Steve Goble

Choose life. (Deuteronomy 30:19)

"We're not your classic heroes. We're the other guys."

This movie's really summed-up by the guy in the poster above who's holding all the forks.

Really – just look at those forks. Now look at that thoughtful expression on his face. You just know that this is going to be a film full of deadpan humour, a sense of fun, and a lot of cutlery getting thrown around in the name of justice.

(I'm a big fan of cutlery in action movies)

Mystery Men, based on the Dark Horse comic that I've never read, is brilliant start to finish. Noone in this film is a traditional Hollywood stereotype. Some of them, like Greg Kinnear's Captain Amazing, have clearly been conceived to parody such stock characters, but even Geoffrey Rush's evil Frankenstein Cassanova, avoids becoming a stereotypical parody. Or he avoided it when this film first came out in 1999 anyway - since then the post-modern superhero-parody genre has become a bit more commonplace.

After all, it's easy to write a superhero spoof. However this is a film that doesn't do anything the easy way. As a result we get treated to a collection of truly original underdog heroes, underdog because most of their powers are, ingeniously, no use at all.

For example, The Invisible Boy can only be invisible when no-one's looking at him. The Sphinx's 'power' is that he's "terribly mysterious." The Shoveler fights with a shovel. That's it.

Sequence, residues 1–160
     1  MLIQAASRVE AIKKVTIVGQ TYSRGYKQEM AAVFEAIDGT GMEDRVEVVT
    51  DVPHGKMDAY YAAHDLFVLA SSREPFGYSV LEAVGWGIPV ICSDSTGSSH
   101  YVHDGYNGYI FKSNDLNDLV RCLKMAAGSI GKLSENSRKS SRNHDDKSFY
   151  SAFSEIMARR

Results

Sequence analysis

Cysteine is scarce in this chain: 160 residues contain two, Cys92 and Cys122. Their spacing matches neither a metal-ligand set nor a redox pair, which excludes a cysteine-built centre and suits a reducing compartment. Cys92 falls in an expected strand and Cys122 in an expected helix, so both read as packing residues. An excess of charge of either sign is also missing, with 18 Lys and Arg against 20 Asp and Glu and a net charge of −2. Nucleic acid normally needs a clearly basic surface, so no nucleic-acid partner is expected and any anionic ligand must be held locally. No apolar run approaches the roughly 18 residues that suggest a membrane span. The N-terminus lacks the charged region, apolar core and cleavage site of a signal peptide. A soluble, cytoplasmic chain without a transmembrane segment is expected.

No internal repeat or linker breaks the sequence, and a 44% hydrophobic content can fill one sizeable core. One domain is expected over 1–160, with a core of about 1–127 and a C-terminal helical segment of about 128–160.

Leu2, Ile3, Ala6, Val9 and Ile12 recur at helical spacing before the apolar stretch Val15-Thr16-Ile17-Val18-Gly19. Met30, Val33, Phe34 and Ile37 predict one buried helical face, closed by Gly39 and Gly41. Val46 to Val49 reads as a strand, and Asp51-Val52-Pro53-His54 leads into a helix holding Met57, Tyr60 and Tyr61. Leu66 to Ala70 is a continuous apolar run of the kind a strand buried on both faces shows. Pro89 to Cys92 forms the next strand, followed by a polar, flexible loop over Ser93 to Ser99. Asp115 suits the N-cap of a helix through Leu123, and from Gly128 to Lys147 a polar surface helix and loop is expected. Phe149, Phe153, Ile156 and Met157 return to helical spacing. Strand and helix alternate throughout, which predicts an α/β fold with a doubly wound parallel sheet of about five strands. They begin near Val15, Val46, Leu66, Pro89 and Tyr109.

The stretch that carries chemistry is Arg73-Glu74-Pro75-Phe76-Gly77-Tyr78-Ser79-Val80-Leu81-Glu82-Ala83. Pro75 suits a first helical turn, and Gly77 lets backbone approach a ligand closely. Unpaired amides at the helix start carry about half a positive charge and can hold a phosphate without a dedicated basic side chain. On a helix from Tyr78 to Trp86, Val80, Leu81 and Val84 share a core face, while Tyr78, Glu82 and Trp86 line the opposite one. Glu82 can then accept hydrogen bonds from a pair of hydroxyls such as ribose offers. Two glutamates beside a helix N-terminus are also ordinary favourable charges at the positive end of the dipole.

The really appealing thing here, then, is that with a little imagination and blagging, any one of us could join this group and get by.

And these characters have certainly all got imaginations.

Night. Mr. Furious, the Blue Raja, and the Shoveller are sneaking across the lawn in front of the villain's lair.

Mr. Furious:
Shh! Wait! Hear that? We must have hit a trip-wire. It could be a proton eviscerator heating up.
The Shoveller: It could be a cybernetic atom scrambler. They target moving objects.
The Blue Raja: It sounds more like a heat-seeking anthrax projection gun to me. Quickly, cover your mouths.
Mr. Furious: No, let's bolt! Come on!
The Shoveller: No! Don't move.
The Blue Raja: Don't breathe!
Mr. Furious:Let's bolt!
The Shoveller: Don't move!
The Blue Raja:Don't breathe!
Mr. Furious: Let's bolt!
The Shoveller: Don't move!
The lawn's sprinkler system turns on and the three are soaked.
The Shoveller:
Oh, it's the sprinkler.

Not only that, but they argue, have no leader, argue, have no plan, argue, and they argue. Oh, and did I mention how much they argue?

The Shoveler: Oh yeah, well, maybe if we had a billionaire like Lance Hunt as our benefactor, then we could afford some advertising.
Mr. Furious: That's because Lance Hunt is Captain Amazing.
The Blue Raja: Oh, here we go.
The Shoveler: Oh, don't start that again! Lance Hunt wears glasses. Captain Amazing doesn't wear glasses.
Mr. Furious: [LONG-SUFFERING] He takes them off when he transforms!
The Shoveler: That doesn't make any sense. He wouldn't be able to see!

And they're believably incompetent too. The scene in which they all try to rescue Captain Amazing is brilliant in its stupidity. And with such a colossal number of quality one-liners, y'know, this might just be the most quotable film I've ever seen...

- "We are number one. All others are number two, or lower."

- "I don't need a compass to know which way the wind shines."

- "Death Man is dead."

The plot-holes are minor, and the late-90s CGI makes the whole thing look a bit reminiscent of Bedknobs And Broomsticks, but within this otherwise well thought-out world, none of those minor things matter much by comparison. The only element that lets the side down for me is the Spleen, whose super-power is his flatulence, but even he's quite likable as a character. By today's standards (as opposed to my old-fashioned ones) this is good respectful family entertainment.

I wish there was more.

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